Page 3, line 11, leave out ("the establishment of").

On Question, amendment agreed to.

[Amendment No. 35 not moved.]

Schedule 1 [Referendum in Scotland]:

[Amendments Nos. 36 to 38 not moved.]

Lord Lucas moved Amendment No. 39:


The noble Lord said: My Lords, this is purely a probing amendment. It is a singleton amendment whereas, perhaps, there should be four amendments to complete the set. I am trying to find an answer to a question which has been posed a number of times by my noble friend Lord Mackay of Ardbrecknish and others; namely, just how advisory is the referendum? The question has been asked that way round and I am now asking it the other way around. I suggest that something should be placed on the ballot paper which states that the referendum is advisory and that things can change afterwards. Indeed, when the Bill is in its final form, there may be aspects of it which are unrecognisable from the White Paper. It may be that in the course of the consideration of the Bill, we shall find something which can be changed to advantage with which the noble Lord and the Government agree; for example, amendments in relation to the points raised today by my noble friend Lord St. Davids dealing with the independent members in Wales and how they could be fitted into the assembly. Therefore, I seek an assurance from the noble Lord that if the Government agree with proposals for change, they will not say that it was not in the White Paper and therefore, they cannot do it. I beg to move.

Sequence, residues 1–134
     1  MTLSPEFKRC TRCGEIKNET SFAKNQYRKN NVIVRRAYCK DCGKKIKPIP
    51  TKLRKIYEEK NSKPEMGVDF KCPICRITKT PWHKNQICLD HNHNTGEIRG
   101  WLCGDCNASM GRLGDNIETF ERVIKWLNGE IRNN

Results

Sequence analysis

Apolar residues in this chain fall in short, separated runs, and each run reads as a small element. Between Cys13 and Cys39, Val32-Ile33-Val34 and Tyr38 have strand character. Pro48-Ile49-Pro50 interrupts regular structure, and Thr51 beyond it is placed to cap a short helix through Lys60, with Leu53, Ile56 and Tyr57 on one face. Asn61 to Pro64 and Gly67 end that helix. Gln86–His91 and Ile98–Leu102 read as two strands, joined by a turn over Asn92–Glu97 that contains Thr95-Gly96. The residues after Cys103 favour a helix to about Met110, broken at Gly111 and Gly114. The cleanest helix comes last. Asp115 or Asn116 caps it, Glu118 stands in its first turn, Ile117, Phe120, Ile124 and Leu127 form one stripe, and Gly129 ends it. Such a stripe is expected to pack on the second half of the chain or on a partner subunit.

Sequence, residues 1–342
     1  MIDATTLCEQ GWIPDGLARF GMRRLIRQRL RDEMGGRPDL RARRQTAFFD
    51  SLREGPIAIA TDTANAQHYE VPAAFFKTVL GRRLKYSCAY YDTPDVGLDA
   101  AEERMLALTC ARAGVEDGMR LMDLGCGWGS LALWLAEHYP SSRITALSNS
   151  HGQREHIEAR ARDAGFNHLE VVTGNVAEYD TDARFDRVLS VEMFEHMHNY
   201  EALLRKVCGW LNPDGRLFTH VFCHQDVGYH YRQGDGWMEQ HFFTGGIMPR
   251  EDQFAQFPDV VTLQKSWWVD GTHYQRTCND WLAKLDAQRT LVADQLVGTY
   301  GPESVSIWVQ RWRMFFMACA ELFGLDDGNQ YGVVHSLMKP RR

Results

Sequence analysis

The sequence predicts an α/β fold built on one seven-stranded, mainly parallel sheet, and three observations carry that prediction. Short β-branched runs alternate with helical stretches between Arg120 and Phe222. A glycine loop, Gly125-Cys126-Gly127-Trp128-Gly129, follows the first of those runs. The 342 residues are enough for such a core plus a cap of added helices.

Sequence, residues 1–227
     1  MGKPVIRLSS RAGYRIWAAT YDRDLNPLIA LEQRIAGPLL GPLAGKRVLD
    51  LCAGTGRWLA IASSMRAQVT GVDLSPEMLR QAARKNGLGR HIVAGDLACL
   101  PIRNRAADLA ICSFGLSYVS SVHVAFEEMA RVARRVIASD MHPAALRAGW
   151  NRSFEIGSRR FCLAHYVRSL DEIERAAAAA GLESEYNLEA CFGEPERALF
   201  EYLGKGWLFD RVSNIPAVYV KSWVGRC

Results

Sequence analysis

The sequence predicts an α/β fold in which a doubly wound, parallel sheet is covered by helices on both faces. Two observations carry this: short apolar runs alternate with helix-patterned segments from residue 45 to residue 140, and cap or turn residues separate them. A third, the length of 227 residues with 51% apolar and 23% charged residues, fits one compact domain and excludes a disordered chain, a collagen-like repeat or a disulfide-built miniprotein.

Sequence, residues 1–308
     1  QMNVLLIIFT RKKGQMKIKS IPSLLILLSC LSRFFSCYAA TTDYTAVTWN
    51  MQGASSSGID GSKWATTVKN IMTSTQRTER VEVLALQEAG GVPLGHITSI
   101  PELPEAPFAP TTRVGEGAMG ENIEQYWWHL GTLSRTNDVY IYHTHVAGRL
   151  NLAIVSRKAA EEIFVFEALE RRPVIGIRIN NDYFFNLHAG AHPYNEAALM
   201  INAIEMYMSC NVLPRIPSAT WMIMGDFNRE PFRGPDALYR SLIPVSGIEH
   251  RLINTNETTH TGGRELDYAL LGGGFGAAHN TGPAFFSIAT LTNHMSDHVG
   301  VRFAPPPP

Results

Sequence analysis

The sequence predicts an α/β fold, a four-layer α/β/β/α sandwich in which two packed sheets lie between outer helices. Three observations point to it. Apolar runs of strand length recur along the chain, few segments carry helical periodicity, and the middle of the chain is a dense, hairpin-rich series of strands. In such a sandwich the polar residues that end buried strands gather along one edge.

Lord Sewel: My Lords, I thank the noble Lord for the spirit in which he moved the amendment. I accept that it is probing. I can virtually say that I agree and leave it at that. I underline the point that, of course, during its passage through Parliament, it is possible for the Bill to be amended if Parliament so wishes. The Government will wish to take into account amendments when moved and if we consider them to be constructive to add to the Bill we should wish to support them. That is perfectly consistent within the framework of an advisory referendum.

Lord Lucas: My Lords, I am delighted by that answer and I beg leave to withdraw the amendment.

Amendment, by leave, withdrawn.

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[Amendments Nos. 40 to 43 not moved.]

Lord Mackay of Ardbrecknish moved Amendment No. 44:

Page 4, line 22, at end insert--
Parliament has decided to consult people in Scotland on the government's proposals for a Scottish Parliament to be housed in a new purpose-built building and not in the building of the former Royal High School in Edinburgh:
Put a cross (X) in the appropriate box.




The noble Lord said: My Lords, this amendment adds a third question to the ballot paper. I was accused in the Herald of being mischievous by tabling this amendment. What a thought! I have absolutely no intention of being mischievous. But the whole subject indicates a certain amount of interesting confusion on the part of the Government.

In the late 1970s, the building of the former Royal High School in Edinburgh was earmarked as the site for the proposed Scottish parliament. A great deal of public money was spent on refurbishing it and equipping an oval chamber for the parliament. As we all know, it did not come about and the offices became the offices of the Lord Advocate, although I think that his department has now moved elsewhere. The debating chamber was used on a number of occasions by the Scottish Grand Committee when it met in Edinburgh. Therefore, in my previous capacity, I have debated with, among others, the noble Lord, Lord Ewing of Kirkford, whom I see opposite, in the former Royal High School.